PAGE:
Editor-at-large of Stylist France, Audrey Diwan reveals the secret to becoming a little more French
From the first coffee in the morning to the closing of the bars, if there’s a place that sums up the French way of socialising, it’s the cafe. The whole of France lives in cafes, yet when I was younger I was terrified of finding myself alone in one. If I was waiting for someone, my foot would start tapping on the floor. I’d check my watch 100 times, eyeing the door. I felt people were mocking me, thinking, ‘See that girl, I bet she’s been stood up.’ I wanted to shrivel up and disappear until whoever I was waiting for graced me with their presence. Then, finally, I could raise my head and say, “You’ve all got it wrong. See, I’m not alone!”
Then I met Cécile G. If you asked me to describe the archetypal French woman, I’d summon up the image of Cécile G. I was 20 when I met her. We were working at the same publishing house. From memory, I can still picture her long silhouette, the artfully messy bun on top of her head and the husky voice of a die-hard smoker. It was she who told me once that a person only reaches the age of maturity the day they learn to master their solitude. She whispered, “Audrey, you must not learn how to be alone, you must learn to love being alone. They are the best moments in life.”
Cécile wasn’t antisocial – quite the opposite. She spent her youth in the dive bars of New York listening to underground rock and had too many friends to see them regularly. But she knew one thing: the importance of stolen minutes of solitude.
In Paris, as in London, big cities impose their frenetic pace on the people who settle there. And it’s so rare to experience a moment of calm. Such a moment is fleeting, like a passing angel – to be more French, you must learn how to seize it.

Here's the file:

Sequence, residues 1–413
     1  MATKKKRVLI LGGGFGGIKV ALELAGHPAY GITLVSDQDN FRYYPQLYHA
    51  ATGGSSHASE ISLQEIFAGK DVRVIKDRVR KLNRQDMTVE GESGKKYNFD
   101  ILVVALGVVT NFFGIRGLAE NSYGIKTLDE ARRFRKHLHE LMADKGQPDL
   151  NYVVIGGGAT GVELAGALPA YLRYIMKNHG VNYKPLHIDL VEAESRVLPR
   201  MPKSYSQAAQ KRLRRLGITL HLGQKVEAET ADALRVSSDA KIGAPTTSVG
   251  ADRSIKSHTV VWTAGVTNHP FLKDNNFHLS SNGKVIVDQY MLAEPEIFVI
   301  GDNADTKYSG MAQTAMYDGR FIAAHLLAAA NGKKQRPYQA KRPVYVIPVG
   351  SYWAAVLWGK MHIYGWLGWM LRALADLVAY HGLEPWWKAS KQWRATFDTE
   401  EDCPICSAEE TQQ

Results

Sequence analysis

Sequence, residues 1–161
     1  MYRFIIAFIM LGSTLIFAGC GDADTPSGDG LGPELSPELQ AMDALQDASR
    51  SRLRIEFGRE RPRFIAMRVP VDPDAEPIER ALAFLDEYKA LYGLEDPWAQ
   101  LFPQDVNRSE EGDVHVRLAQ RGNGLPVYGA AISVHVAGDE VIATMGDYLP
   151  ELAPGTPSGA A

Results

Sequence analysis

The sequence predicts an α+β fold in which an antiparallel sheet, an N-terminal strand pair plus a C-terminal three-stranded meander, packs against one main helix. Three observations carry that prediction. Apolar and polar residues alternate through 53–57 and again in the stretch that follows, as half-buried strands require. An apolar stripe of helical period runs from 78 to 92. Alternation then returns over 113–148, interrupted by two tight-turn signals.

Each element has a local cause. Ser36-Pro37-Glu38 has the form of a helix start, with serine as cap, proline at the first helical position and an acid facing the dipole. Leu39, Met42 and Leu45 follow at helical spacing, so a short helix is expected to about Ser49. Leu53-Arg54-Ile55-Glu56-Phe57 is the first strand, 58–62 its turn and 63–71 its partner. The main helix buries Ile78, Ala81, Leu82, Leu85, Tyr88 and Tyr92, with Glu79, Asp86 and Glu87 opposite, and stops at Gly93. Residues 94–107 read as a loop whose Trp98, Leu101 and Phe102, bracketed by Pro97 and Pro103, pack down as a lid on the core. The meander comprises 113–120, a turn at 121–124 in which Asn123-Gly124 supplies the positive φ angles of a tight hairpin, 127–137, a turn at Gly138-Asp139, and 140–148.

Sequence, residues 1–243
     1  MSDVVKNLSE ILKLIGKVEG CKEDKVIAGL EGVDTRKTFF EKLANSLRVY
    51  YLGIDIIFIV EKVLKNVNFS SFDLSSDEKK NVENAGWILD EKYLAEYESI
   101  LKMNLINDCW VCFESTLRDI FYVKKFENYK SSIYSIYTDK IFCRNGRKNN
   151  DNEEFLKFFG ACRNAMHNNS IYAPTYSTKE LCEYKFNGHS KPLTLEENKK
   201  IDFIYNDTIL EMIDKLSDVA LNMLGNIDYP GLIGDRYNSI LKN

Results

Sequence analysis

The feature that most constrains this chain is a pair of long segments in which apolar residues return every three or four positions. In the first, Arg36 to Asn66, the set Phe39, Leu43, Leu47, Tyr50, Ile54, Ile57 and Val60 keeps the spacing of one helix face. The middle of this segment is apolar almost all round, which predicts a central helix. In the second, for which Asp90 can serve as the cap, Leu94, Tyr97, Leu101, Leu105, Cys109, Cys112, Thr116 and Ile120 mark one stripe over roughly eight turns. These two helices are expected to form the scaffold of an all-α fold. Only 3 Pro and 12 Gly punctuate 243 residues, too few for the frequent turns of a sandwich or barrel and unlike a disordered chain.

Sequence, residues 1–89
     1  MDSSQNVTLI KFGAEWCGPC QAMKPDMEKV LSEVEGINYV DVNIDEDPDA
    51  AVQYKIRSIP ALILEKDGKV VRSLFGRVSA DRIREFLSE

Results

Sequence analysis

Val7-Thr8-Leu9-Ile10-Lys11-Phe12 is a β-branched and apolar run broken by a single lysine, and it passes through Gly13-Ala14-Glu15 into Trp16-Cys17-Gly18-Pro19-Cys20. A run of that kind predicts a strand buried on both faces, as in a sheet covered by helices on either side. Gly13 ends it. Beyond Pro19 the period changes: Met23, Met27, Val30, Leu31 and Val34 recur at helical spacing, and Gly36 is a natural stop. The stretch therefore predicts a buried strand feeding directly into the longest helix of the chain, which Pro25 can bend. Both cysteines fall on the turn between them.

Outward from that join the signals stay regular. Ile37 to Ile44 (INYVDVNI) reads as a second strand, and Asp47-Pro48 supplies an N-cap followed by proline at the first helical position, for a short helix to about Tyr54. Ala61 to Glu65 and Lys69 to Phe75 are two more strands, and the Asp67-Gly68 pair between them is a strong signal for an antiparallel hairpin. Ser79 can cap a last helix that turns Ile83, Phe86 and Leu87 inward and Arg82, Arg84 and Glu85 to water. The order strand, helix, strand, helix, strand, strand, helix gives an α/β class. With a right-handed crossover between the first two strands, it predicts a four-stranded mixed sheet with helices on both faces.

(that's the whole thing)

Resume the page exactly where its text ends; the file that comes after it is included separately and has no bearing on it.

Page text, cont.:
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All by myself
It was Cécile who gave me my first black Moleskine notebook – an object that never leaves my bag. When I’m alone at a cafe, I finally have time to talk to me. I write like I talk, noting down my thoughts and verbalising things I never have time to point out otherwise. Maybe the people around me raise an eyebrow at this woman scribbling away alone at her table. No matter, I can make them disappear. I order a glass of wine. If I’m hungry, I’ll order a plate of joyously fatty ham. When you’re French, to have a tête-à-tête with yourself is a celebration.
Now, being alone makes me feel strong. And when my guest finally arrives, they can sometimes read the surprise on my face as I’ve genuinely forgotten about our meeting. I’ve conquered my solitude – I love it, I embrace it, and if you want to be a little bit more French, you should, too. And if you’re walking around Paris, you’ll notice this woman, sitting up straight, proudly, pen in hand, a notebook in front of her. Know that she’s a liberated woman. And certainly don’t approach her – she’s already deep in conversation with herself.